Analysis: Despite Subsidies, Chronically Ill Individuals Will Be Underinsured In Exchanges

NEWS RELEASE: An analysis from Avalere Health finds that most individuals in exchanges who reach their maximum out-of-pocket (OOP) cap will be underinsured, despite reduced OOP caps for those below 250 percent of poverty. The Commonwealth Fund[1] defines underinsurance as OOP costs[2] greater than 10 percent of income for those earning more than twice the poverty level and OOP costs greater than 5 percent of income for those earning less than twice the poverty level.

Chronically ill individuals who are enrolled in less generous plans (e.g., Bronze or Silver) are likely to reach their OOP maximum each year. Most of these individuals will have OOP maxes well above the definition for underinsurance. For instance, a man earning $23,000 (just over 200% of poverty) will have a reduced OOP max of $5,200[3]. That represents 23 percent of his annual income, more than twice the Commonwealth definition of underinsurance.

“Patients with high healthcare needs will benefit the most from new out-of-pocket caps, but they will still face considerable expenses before they reach the cap. These costs could result in inadequate or inconsistent care for high-need, low-income exchange enrollees,” said Caroline Pearson, vice president at Avalere Health.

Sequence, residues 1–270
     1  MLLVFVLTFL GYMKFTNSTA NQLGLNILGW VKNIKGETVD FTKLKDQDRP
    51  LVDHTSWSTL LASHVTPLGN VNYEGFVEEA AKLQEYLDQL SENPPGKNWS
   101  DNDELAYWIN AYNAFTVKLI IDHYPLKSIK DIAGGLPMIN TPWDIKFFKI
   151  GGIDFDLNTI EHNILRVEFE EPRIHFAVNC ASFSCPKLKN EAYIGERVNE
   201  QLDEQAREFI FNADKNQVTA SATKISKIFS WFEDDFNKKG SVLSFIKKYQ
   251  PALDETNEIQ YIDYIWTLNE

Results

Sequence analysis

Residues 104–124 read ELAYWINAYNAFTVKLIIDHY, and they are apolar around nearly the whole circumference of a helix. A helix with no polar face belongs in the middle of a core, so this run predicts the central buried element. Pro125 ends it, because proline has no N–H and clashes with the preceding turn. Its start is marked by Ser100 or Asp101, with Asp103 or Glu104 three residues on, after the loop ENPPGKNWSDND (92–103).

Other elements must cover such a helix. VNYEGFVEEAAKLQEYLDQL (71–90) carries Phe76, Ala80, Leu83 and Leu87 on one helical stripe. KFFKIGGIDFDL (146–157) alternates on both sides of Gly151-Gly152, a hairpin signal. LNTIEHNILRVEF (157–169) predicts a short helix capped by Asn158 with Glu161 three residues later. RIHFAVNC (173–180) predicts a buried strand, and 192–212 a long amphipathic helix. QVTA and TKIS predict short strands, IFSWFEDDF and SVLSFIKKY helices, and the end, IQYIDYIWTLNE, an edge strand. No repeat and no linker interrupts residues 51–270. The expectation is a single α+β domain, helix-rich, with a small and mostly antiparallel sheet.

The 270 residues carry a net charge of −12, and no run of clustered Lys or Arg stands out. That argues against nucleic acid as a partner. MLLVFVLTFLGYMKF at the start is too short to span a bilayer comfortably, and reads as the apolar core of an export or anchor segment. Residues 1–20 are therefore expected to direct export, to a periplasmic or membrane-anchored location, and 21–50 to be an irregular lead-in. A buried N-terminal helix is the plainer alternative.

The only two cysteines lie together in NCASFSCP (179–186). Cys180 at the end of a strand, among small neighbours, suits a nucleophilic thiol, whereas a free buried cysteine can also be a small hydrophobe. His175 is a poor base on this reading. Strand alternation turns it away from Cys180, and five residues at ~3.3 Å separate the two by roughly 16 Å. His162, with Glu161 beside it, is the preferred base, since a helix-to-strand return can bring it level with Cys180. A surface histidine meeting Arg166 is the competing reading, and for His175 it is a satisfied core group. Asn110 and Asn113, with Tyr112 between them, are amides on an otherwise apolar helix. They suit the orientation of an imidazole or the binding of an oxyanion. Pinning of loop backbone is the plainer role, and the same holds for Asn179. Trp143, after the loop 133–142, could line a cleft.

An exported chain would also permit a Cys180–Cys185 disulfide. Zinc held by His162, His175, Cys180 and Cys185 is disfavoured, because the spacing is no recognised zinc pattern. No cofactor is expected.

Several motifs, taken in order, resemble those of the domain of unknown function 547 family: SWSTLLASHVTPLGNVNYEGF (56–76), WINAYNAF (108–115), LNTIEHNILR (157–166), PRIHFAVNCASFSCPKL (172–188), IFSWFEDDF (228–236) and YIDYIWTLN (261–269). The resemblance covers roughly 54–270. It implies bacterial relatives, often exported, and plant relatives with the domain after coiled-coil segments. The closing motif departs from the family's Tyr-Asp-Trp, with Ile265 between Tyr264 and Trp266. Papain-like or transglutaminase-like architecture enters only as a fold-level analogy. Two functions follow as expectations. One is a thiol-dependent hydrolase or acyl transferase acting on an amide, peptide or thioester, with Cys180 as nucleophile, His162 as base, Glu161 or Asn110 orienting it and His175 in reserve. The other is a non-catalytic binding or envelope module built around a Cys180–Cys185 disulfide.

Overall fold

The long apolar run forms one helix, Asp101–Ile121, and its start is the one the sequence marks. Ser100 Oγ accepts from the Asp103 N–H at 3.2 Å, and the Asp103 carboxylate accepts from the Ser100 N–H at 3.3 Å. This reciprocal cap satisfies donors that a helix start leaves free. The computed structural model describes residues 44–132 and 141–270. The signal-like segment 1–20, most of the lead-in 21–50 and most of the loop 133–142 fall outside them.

“The insurance being sold under the exchange is very different from a standard employer plan, and consumers with chronic illnesses will need to anticipate significant out-of-pocket cost.” said Dan Mendelson, CEO of Avalere. “In the longer term, this design raises important questions about what we want insurance to be, and invites a discussion of the rules under which exchange plans will operate.”

Methodology: Avalere Health compared the 2014 out-of-pocket maximums as part of the Affordable Care Act to income as a percent of the poverty level for 2013. Regulatory text on the out-of-pocket caps is unclear about which cap will apply to people falling directly at the top of each income band as a percent of poverty. For this analysis we assume that those earning 200 percent of poverty have a cap of $5,200 and those earning 250 percent of poverty have a gap of $6,350. Avalere compared the OOP cap as a percent of income to the Commonwealth Fund definition of underinsurance.

Individuals earning less than 138 percent of poverty who reside in states that expand Medicaid will be enrolled in Medicaid coverage with lower cost-sharing, which is likely to reduce their out-of-pocket costs relative to people at the same income in non-expansion states.

[1] Based on Commonwealth Fund definition: out-of-pocket expenses equaled 10% or more of income; out-of-pocket expenses equaled 5% or more of income if low income (<200% of poverty); or deductibles equaled 5% or more of income. Data available here.

[2] Does not include premium payments.

[3] The OOP maximum for an individual earning above 250% of poverty is $6,350. Someone earning above 200% of poverty has a reduced OOP maximum of $5,200. Individuals earning less than 200% of poverty have a cap set at $2,250.